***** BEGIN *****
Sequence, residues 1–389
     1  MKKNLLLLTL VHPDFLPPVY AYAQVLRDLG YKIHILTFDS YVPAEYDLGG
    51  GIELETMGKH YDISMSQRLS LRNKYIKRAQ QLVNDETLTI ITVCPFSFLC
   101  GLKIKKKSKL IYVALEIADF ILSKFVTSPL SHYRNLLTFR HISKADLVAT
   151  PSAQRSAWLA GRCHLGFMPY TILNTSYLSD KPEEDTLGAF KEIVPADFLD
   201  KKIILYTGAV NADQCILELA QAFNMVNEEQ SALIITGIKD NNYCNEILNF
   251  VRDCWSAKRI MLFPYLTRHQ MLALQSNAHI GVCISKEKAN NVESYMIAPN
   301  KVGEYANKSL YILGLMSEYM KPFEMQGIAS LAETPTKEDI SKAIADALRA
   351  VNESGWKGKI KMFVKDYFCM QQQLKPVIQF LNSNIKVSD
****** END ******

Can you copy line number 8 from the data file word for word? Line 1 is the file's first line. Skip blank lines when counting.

   301  KVGEYANKSL YILGLMSEYM KPFEMQGIAS LAETPTKEDI SKAIADALRA